End-of-Life Choice, Palliative Care and Counseling

Right to Know

New York’s Palliative Care Information Act: Flawed but Needed

by Robert A. Milch
Bioethics Forum
06/23/2011

It’s been observed that the last thing today’s physicians need is something else to make them feel guilty, inadequate, or coerced. It shouldn’t be surprising, then, that there is some displeasure with implementation of New York State’s Palliative Care Information Act, which mandates that clinicians offer information or counseling about palliative care to “terminally ill” patients or their surrogates should they choose to accept it. Failure to comply with what, by fiat, is now deemed a standard of practice can be punished by fine.

As could be expected, demagogic statements about “death panels” and euthanasia have emerged, detracting from discourse with their shrillness. Opposition from the New York State Medical Society, which waved the bloody shirt of the doctor-patient relationship undermined – almost a pro forma response to regulation – has been disappointing to me and many others. More thoughtful and articulate responses have been made by physicians such as Astrow and Popp in the New England Journal of Medicine, who fear that “a legalistic solution is likely to prompt a merely legalistic response”.

The ills of the world will not be cured by legislation. But there are overwhelming data that the provision of palliative care and communication about it currently are inconsistent, inadequate, or untimely. The public and the medical profession long have recognized the unmet, ongoing needs for improved palliative and end-of-life care. Well-meaning advocacy and position statements, even ethical and professional standards, have proved inadequate in addressing the problems. The legislature, however ham-handedly one might view the action, has responded to nudge us toward an overdue correction. It seems incongruous that a profession advocating evidence-based practice might denigrate efforts to codify best practice standards.

Certainly the law is imperfect, and there are important concerns to be addressed and questions to be answered. Pragmatically, if this is the medical equivalent of another legislative “unfunded mandate,” how can institutions and practices support its application, and at what costs? How will compliance be monitored, and by whom – hospital staffs? The Department of Health? Are there quality measures to be applied, and if so what are they? Are legitimate claims for palliative care really dependent on the administrative definition of “terminal?” The list goes on.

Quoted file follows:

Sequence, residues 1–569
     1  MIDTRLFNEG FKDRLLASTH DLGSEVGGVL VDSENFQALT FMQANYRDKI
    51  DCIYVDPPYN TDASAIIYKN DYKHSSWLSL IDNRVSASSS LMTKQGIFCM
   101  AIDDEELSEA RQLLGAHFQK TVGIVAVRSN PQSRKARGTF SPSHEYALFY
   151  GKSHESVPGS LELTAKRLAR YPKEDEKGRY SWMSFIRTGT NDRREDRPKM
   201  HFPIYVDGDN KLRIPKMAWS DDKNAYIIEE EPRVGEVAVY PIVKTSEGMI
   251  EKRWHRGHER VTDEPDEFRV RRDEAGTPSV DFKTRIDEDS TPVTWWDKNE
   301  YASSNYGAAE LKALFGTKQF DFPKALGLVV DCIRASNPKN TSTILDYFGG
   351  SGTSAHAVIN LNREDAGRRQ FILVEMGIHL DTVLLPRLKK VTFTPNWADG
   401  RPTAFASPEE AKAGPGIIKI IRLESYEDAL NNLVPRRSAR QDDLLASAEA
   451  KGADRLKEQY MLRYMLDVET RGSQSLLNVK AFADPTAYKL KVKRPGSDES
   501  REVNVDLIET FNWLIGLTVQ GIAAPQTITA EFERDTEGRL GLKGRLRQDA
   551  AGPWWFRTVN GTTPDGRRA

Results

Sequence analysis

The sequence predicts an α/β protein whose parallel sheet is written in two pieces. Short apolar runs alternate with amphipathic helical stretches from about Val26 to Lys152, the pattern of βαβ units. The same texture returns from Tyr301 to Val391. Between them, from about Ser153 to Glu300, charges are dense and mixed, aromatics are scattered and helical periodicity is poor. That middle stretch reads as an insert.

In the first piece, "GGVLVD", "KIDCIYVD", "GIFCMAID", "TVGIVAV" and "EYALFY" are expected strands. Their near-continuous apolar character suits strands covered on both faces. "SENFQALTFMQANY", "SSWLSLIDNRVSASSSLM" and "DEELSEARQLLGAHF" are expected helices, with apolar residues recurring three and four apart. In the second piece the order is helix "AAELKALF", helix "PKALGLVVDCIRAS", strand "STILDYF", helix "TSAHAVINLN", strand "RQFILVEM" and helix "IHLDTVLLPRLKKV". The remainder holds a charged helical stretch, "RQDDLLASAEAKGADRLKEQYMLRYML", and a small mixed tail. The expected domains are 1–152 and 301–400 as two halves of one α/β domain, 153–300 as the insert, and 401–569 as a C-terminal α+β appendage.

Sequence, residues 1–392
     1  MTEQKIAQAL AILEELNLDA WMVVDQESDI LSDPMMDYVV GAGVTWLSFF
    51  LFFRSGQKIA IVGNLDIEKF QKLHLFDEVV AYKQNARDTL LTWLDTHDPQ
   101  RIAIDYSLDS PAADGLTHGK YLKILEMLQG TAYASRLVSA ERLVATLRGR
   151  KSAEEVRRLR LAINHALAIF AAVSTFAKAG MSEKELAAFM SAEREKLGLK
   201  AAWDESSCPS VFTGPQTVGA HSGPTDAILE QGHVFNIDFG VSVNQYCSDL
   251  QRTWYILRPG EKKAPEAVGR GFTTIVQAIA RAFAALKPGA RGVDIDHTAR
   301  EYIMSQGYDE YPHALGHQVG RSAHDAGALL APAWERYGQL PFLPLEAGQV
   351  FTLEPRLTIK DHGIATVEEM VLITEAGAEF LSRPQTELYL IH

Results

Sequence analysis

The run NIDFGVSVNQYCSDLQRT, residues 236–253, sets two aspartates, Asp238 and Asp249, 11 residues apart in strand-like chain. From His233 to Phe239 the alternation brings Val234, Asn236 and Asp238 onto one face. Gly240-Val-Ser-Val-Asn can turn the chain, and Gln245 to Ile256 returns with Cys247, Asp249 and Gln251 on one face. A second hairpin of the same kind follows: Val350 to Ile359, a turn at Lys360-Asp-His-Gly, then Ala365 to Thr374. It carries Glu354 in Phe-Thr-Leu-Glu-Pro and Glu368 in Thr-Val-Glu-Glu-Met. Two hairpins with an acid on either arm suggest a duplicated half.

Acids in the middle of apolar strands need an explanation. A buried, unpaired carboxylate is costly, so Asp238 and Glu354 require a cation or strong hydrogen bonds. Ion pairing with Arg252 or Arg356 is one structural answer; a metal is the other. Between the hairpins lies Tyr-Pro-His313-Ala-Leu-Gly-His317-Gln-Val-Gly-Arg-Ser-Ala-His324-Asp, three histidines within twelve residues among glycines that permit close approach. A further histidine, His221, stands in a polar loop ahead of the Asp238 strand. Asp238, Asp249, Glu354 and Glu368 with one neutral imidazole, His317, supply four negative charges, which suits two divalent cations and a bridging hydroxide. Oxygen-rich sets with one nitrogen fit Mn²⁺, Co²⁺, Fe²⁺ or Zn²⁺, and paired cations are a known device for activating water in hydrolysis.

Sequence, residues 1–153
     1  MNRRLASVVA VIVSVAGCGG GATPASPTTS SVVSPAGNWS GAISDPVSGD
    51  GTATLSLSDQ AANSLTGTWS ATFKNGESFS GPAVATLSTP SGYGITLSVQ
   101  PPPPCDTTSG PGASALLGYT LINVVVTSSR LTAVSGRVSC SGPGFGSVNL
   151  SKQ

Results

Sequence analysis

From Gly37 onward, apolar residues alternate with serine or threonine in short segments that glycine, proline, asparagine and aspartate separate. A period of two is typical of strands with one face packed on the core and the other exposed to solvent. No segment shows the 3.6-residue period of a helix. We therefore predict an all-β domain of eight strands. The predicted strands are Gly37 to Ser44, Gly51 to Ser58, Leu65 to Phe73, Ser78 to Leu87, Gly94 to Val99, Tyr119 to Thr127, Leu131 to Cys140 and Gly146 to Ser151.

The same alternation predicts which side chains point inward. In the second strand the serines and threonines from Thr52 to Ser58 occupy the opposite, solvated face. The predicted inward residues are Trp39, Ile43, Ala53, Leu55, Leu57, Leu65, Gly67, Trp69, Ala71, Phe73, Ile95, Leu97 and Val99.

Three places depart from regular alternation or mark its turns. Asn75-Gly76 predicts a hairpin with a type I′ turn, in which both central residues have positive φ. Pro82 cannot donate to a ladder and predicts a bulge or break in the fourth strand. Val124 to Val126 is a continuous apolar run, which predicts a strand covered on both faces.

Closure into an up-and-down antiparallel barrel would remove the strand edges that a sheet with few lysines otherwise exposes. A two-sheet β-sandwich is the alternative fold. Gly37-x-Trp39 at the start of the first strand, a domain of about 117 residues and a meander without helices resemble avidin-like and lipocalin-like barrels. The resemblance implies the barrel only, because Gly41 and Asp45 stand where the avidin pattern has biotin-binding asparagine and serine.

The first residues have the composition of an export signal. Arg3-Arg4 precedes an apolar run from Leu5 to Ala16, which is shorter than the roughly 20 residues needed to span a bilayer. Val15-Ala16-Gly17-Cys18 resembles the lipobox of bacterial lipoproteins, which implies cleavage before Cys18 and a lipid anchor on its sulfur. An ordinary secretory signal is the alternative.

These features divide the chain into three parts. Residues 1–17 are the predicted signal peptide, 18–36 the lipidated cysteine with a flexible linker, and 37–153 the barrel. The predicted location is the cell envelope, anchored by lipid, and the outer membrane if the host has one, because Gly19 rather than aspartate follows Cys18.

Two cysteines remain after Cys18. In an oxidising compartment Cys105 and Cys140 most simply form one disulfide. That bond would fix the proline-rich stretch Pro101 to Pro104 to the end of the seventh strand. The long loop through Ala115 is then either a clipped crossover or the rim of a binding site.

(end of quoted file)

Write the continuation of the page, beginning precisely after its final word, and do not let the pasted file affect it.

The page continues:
The hardest work, though, will likely be twofold. First, we need to assure adequate resources and compensation of programs and trained personnel for palliative care services in the inpatient and outpatient venues, serving in both consultative roles and direct care. More important, however, we need to provide meaningful training for physicians and practitioners in the communication skills required to make discussions around palliative and end-of-life care substantive.

No more than a surgeon can perform an operation well having only read an anatomical atlas, so too this training needs more than didactics and PowerPoints. To be effective, education and training need be experiential, mentored, and constructively critiqued. Many medical schools and academic centers are offering models of such programs, but there is a need to create new ones for participants of disparate experiences and specialties, and that will be a challenge. But failure to do so risks having the worst fears realized – that is, that discussions about palliative care will be relegated to the checklist status of a smoking cessation referral.

Rather than threaten the doctor-patient relationship, these efforts stand to reinforce it in the noblest ways. For both doctors and patients, the efforts can deepen the understanding of an illness in a person as distinct from a disease in an organ, as well as suffering as meaningless endurance. Conversations can afford the opportunity to empathize and compassionately communicate concern while assuring ongoing care and nonabandonment, even as the goals of care change. For most, that should be viewed as reassuring, not threatening.

However flawed the New York law is, it gives impetus to begin to meet crying needs. It aims to change behaviors and systems with misaligned incentives that serve as obstacles to appropriate care. Doing a good job of discussing palliative care offers the chance to reclaim lost ground of professionalism and better serve our patients and their families. We stand to better meet our charge for the relief of suffering.